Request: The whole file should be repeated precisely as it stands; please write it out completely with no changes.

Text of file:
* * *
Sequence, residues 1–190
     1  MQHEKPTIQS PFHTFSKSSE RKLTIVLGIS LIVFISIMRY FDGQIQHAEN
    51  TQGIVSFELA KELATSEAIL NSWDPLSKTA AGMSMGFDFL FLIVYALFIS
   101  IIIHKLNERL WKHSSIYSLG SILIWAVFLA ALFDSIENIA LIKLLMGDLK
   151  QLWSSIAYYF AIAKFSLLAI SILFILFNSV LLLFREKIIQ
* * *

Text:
Sequence, residues 1–190
     1  MQHEKPTIQS PFHTFSKSSE RKLTIVLGIS LIVFISIMRY FDGQIQHAEN
    51  TQGIVSFELA KELATSEAIL NSWDPLSKTA AGMSMGFDFL FLIVYALFIS
   101  IIIHKLNERL WKHSSIYSLG SILIWAVFLA ALFDSIENIA LIKLLMGDLK
   151  QLWSSIAYYF AIAKFSLLAI SILFILFNSV LLLFREKIIQ